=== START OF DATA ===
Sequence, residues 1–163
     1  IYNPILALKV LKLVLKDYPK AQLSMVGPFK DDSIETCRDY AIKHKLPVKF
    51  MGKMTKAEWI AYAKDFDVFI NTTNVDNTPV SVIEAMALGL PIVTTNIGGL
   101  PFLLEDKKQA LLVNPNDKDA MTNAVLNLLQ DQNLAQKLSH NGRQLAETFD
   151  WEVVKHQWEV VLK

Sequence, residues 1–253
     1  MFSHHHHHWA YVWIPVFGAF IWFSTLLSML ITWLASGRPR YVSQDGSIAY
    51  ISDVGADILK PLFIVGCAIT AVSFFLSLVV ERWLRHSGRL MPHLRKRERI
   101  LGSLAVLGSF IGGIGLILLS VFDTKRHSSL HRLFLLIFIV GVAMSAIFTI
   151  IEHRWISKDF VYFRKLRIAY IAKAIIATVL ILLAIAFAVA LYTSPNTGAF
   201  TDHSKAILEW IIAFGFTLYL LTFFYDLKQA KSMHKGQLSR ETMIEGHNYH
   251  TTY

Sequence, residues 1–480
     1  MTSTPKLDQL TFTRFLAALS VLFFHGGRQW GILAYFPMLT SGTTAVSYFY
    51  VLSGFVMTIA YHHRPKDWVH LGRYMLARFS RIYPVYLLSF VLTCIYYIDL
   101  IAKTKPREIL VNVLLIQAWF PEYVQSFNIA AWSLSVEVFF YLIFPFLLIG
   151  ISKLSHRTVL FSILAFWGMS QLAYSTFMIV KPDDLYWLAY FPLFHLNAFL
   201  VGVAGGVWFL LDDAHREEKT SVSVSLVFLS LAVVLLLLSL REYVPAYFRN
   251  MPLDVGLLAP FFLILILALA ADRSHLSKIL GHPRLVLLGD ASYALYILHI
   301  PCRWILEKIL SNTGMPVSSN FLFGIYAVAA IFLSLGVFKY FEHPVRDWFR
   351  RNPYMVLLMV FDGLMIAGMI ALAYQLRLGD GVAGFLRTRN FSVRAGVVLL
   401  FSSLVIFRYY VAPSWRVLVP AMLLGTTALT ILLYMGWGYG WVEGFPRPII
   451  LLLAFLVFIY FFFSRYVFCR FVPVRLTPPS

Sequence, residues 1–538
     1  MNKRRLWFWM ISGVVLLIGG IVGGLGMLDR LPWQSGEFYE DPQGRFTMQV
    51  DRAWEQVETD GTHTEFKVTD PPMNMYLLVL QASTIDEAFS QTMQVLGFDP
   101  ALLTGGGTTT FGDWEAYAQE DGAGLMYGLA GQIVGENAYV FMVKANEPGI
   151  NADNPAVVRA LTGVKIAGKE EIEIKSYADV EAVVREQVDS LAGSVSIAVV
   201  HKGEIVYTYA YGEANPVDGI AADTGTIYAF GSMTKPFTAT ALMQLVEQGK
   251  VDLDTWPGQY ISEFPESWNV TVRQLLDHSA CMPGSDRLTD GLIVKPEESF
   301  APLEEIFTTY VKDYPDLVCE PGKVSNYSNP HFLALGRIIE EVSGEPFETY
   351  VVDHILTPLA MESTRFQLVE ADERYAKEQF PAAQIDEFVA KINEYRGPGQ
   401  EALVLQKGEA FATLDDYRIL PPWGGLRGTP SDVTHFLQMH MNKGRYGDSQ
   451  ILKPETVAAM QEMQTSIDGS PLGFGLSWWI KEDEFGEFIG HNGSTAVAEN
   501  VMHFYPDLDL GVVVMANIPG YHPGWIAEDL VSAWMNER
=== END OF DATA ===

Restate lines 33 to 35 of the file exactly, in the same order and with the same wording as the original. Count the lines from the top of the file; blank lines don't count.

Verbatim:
   401  EALVLQKGEA FATLDDYRIL PPWGGLRGTP SDVTHFLQMH MNKGRYGDSQ
   451  ILKPETVAAM QEMQTSIDGS PLGFGLSWWI KEDEFGEFIG HNGSTAVAEN
   501  VMHFYPDLDL GVVVMANIPG YHPGWIAEDL VSAWMNER